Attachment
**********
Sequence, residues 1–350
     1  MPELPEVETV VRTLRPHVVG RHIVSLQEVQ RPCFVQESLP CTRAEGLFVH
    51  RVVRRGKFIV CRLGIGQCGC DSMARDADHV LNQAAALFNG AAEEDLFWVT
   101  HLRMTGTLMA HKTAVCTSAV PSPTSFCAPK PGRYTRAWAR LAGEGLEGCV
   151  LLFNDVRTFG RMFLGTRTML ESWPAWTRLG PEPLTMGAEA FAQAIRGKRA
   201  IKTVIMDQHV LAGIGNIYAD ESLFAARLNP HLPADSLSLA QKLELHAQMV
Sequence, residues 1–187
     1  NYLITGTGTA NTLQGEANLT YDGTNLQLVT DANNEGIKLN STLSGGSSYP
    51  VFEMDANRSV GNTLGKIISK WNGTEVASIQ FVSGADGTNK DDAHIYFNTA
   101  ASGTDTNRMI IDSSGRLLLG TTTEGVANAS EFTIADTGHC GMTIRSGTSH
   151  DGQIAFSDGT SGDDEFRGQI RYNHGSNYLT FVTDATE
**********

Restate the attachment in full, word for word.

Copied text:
Sequence, residues 1–350
     1  MPELPEVETV VRTLRPHVVG RHIVSLQEVQ RPCFVQESLP CTRAEGLFVH
    51  RVVRRGKFIV CRLGIGQCGC DSMARDADHV LNQAAALFNG AAEEDLFWVT
   101  HLRMTGTLMA HKTAVCTSAV PSPTSFCAPK PGRYTRAWAR LAGEGLEGCV
   151  LLFNDVRTFG RMFLGTRTML ESWPAWTRLG PEPLTMGAEA FAQAIRGKRA
   201  IKTVIMDQHV LAGIGNIYAD ESLFAARLNP HLPADSLSLA QKLELHAQMV
Sequence, residues 1–187
     1  NYLITGTGTA NTLQGEANLT YDGTNLQLVT DANNEGIKLN STLSGGSSYP
    51  VFEMDANRSV GNTLGKIISK WNGTEVASIQ FVSGADGTNK DDAHIYFNTA
   101  ASGTDTNRMI IDSSGRLLLG TTTEGVANAS EFTIADTGHC GMTIRSGTSH
   151  DGQIAFSDGT SGDDEFRGQI RYNHGSNYLT FVTDATE